USA Today did a study that showed 85% of teams that block a punt won the game.
And yet in high school, one of the most overlooked part of football is special teams.
I know that every year I ignore it. Wait till last minute.
Don’t spend any time in August working on it…
And during the season I am guilty of waiting until Thursday to cover it.
It’s easy to think that you don’t need to study Special Teams because you’ve done it one way for years.
But a good special teams can save a lot of headaches and heartaches in a season.
And it deserves your attention because if you’ve got a good special teams, that means better field position for your offense and defense.
And that helps you win games.
So, for today, I’m going to share with you how Coach Bryan Cummings breaks down his Punt Return for his players.
Here’s how he sets everything up:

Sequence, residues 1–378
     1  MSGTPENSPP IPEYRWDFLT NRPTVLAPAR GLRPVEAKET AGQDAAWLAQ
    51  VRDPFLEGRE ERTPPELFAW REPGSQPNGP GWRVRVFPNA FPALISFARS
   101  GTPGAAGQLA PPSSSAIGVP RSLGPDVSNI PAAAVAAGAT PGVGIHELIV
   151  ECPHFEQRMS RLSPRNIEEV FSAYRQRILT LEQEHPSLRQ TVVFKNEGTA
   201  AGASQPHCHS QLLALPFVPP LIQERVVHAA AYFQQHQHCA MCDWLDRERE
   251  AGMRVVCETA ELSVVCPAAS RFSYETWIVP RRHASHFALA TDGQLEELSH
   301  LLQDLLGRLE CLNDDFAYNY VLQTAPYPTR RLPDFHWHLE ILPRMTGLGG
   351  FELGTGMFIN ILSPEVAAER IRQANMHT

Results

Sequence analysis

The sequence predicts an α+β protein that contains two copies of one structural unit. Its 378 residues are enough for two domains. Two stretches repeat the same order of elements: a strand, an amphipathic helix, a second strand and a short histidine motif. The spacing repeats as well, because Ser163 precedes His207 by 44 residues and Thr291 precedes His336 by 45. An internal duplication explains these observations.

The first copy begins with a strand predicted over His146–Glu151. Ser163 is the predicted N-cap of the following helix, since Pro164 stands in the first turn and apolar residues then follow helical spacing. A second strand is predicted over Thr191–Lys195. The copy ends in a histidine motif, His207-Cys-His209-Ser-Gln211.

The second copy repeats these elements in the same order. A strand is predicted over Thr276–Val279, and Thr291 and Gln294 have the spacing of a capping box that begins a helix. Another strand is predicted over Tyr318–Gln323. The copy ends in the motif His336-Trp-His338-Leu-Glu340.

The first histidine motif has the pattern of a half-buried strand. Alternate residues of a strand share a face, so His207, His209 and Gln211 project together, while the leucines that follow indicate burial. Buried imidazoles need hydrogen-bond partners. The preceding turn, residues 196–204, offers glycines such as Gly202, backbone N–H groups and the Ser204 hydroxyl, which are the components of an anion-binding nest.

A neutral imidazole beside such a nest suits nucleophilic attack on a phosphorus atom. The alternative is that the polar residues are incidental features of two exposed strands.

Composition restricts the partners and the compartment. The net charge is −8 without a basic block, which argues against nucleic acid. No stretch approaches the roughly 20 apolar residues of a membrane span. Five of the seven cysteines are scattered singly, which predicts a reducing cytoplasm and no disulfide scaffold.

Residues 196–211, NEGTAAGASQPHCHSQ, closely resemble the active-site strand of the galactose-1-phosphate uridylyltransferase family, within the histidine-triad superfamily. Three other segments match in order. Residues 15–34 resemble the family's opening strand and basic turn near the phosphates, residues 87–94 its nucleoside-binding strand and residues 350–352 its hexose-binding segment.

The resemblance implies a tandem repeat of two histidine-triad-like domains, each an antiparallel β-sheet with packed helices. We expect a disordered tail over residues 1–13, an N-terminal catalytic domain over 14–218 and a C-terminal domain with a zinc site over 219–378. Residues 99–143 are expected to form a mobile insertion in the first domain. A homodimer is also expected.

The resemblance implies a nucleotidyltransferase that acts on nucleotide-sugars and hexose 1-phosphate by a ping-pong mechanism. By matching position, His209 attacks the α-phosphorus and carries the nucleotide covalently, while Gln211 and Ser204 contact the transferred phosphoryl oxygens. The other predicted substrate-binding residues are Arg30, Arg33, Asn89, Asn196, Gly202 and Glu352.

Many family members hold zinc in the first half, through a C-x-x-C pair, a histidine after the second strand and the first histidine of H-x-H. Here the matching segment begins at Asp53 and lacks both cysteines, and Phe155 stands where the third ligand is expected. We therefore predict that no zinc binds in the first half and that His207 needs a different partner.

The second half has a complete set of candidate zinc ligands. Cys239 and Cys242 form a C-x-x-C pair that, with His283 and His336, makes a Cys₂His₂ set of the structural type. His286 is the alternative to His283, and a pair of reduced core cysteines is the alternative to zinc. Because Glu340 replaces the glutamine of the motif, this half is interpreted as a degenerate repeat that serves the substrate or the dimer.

Coach Cummings doesn’t complicate the matter.
He uses two groups to drill his two rules:
- Win at the line of scrimmage.
- Win when the ball is caught.
For today, I’m going to focus on the second rule.
Coach Cummings has identified the scenarios that your players are going to face when running down the field blocking potential tacklers.
And there are only 3.
Each situation talks about where your punt return blocker is in relation to his man.
So, is he…
1. By his hip?
Grab and wrap.
This means the blocker should grab the near side number and “wrap” himself around so that he is in a normal blocking position.
2. A step behind?
Since your blocker is not close enough to grab and wrap, he has to put his back to the defender and get his body between the defender and the return man.
3. Directly behind?
Aim for ball carrier.
When the blocker is behind the blocker without chance of getting hands on the defender, he must aim for where the return man is going. If he does this, and he’ll know where the return man is going based on the call, he’ll be able to cut off the defender using the grab and wrap technique.
Get the full course here.